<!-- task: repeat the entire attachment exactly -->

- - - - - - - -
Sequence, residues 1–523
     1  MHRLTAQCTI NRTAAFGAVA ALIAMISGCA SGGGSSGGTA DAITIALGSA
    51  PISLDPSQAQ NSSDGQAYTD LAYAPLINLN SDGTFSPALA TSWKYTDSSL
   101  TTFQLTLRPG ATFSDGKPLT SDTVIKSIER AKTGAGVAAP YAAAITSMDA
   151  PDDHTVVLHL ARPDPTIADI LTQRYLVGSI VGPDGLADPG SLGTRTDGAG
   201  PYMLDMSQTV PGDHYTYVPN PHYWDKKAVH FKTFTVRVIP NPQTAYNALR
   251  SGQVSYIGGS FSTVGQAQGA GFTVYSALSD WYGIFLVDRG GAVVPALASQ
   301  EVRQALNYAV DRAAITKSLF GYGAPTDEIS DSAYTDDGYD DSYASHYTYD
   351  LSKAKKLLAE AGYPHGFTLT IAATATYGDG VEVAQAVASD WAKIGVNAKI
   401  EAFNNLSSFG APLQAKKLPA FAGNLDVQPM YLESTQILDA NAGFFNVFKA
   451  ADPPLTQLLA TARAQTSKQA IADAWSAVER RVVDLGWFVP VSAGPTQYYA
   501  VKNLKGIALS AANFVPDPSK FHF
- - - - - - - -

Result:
Sequence, residues 1–523
     1  MHRLTAQCTI NRTAAFGAVA ALIAMISGCA SGGGSSGGTA DAITIALGSA
    51  PISLDPSQAQ NSSDGQAYTD LAYAPLINLN SDGTFSPALA TSWKYTDSSL
   101  TTFQLTLRPG ATFSDGKPLT SDTVIKSIER AKTGAGVAAP YAAAITSMDA
   151  PDDHTVVLHL ARPDPTIADI LTQRYLVGSI VGPDGLADPG SLGTRTDGAG
   201  PYMLDMSQTV PGDHYTYVPN PHYWDKKAVH FKTFTVRVIP NPQTAYNALR
   251  SGQVSYIGGS FSTVGQAQGA GFTVYSALSD WYGIFLVDRG GAVVPALASQ
   301  EVRQALNYAV DRAAITKSLF GYGAPTDEIS DSAYTDDGYD DSYASHYTYD
   351  LSKAKKLLAE AGYPHGFTLT IAATATYGDG VEVAQAVASD WAKIGVNAKI
   401  EAFNNLSSFG APLQAKKLPA FAGNLDVQPM YLESTQILDA NAGFFNVFKA
   451  ADPPLTQLLA TARAQTSKQA IADAWSAVER RVVDLGWFVP VSAGPTQYYA
   501  VKNLKGIALS AANFVPDPSK FHF